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Commencement remarks by Bernard Osher


Bernard Osher (Photo: Stephanie Secrest)

  • June 11, 2011

Congratulations and best wishes.

As you are well aware, you are graduating into a world that has changed dramatically since you entered the university.

Here at home we have many problems: two wars, unemployment, enormous debt, and many other challenges too numerous to mention. But you can make a difference by simply doing one thing... vote.

As you know, the vitality of any democracy demands that its citizens be informed and participate. In our representative form of government, we must vote to maintain the right priorities and to elect political leaders who will work in support of those priorities.

I worry that the vitality of American democracy is at risk given people's growing inactvity in public affairs and civic life.

Do you realize that in our presidential elections the U.S. has rarely reached 60 percent voter participation? The figure is a depressing 40 percent turnout in non-presidential election years.

Some countries like Australia, Brazil, Belgium and Greece, have compulsory voting and voter turnout is 95 percent or higher. There are other countries, particularly in Western Europe such as Denmark, Germany and Sweden where, even without mandatory voting, turnout is 88 percent and above.

But, returning to our own country, let me give you a few examples of just how important everyone's vote is.

In 1960, John F. Kennedy won the presidency over Richard Nixon by 128,000 votes out of 68 million votes cast, or by two-tenths of one percent.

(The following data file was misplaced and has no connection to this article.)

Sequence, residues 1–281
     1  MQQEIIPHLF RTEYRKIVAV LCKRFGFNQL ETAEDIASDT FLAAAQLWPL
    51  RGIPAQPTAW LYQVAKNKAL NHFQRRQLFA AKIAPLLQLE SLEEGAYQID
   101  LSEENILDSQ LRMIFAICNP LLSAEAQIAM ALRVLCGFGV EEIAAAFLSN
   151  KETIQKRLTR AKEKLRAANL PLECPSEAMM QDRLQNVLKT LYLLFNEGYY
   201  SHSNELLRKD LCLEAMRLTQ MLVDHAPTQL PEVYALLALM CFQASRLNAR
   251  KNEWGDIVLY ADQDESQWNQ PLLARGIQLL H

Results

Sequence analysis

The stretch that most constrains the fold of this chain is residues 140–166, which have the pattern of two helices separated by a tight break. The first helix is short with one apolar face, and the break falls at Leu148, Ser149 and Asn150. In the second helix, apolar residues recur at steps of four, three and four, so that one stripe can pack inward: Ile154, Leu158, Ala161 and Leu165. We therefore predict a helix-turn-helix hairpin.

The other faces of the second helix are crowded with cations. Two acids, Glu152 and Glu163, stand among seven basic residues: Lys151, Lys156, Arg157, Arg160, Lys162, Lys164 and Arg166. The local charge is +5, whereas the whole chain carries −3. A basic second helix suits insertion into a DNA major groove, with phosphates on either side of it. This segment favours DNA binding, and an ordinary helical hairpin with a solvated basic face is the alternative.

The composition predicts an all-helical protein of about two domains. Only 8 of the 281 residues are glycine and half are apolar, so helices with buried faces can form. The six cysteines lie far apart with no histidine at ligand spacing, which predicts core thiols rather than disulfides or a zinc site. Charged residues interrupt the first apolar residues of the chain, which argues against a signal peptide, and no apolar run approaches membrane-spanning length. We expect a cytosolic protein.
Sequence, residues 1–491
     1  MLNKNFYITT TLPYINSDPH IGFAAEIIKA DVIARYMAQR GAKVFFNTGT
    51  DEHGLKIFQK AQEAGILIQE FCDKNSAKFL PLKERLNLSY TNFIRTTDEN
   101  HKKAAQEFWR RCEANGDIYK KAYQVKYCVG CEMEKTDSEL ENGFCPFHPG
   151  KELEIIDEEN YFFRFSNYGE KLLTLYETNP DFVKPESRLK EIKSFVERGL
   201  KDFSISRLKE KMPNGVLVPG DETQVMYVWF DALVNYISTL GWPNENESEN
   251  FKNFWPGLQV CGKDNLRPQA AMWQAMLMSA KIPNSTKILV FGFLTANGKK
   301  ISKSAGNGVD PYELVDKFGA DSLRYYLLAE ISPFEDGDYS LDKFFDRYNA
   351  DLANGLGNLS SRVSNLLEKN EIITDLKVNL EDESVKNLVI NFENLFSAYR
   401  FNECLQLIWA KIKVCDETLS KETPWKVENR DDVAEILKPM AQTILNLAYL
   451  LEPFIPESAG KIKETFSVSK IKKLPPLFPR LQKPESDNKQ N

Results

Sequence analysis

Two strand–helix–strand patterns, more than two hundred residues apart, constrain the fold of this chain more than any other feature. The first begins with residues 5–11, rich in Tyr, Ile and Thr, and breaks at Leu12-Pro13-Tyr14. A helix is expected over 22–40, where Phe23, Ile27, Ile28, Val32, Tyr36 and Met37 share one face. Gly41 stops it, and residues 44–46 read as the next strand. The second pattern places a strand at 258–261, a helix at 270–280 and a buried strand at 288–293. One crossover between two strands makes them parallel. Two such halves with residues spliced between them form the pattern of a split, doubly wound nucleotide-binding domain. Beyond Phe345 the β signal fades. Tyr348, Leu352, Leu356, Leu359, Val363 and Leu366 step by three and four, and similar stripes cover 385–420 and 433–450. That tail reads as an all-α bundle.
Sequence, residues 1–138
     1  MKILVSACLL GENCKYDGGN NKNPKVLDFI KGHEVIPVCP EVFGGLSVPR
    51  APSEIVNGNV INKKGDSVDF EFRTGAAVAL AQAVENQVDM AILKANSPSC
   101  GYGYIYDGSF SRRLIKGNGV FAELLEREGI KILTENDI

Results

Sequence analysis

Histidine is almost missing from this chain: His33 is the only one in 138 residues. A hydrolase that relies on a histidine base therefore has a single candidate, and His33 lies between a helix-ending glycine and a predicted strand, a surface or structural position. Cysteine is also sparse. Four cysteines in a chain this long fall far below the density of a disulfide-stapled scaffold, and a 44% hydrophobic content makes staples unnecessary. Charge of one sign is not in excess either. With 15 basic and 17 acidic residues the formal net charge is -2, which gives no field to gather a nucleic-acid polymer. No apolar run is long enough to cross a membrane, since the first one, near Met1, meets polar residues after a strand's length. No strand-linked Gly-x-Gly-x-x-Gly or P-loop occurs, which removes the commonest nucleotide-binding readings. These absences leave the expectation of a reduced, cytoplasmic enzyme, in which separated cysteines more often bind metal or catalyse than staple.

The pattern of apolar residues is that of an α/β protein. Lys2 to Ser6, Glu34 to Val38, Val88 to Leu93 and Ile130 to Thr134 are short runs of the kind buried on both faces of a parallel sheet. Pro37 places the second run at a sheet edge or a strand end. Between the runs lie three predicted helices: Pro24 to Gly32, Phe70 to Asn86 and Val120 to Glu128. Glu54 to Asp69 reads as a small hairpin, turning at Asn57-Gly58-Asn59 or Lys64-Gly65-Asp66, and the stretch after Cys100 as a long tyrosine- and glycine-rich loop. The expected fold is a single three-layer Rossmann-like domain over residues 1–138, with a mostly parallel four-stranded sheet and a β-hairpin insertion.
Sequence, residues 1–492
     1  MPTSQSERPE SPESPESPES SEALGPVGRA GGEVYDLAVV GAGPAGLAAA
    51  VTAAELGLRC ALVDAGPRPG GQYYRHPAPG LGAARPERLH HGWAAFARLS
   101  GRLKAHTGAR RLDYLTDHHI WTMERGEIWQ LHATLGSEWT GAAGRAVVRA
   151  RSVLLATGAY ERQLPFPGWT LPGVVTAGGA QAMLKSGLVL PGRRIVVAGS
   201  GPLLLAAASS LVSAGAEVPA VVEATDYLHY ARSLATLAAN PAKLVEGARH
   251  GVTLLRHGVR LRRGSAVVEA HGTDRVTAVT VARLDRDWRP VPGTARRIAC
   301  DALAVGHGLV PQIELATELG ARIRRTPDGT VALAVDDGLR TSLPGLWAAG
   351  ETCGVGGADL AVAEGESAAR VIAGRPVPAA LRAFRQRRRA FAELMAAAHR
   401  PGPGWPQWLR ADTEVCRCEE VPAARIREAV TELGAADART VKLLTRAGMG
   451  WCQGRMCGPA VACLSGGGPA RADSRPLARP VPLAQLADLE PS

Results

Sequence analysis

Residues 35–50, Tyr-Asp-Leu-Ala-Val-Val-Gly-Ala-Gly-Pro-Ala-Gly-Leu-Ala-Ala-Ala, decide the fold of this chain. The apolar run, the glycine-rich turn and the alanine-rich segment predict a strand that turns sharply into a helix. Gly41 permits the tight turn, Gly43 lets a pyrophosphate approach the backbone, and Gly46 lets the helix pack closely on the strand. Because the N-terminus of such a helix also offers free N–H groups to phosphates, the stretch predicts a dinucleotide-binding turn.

Jimmy Carter defeated Gerald Ford by 700,000 votes with over 80 million votes cast... less than 87 one-hundreths of a percent.

Close to home, in the 2010 California attorney general election, the district attorneys of San Francisco and Los Angeles -- Kamala Harris and Steve Cooley -- were caught in such a tight race that it took three weeks to determine the final outcome. Of about 10 million votes cast statewide, Harris beat Cooley by less than 75,000. Just think of it, 75,000 people... less than 10 percent of registered voters just in Alameda County... could have changed the result entirely.

This is a brief glimpse of just how important every single vote is. If you want to put our nation on a sturdier, more truly Democratic course, please vote . You and those you inspire and encourage can make all the difference.

The future of this great republic is in your hands.

Thank you and good luck.

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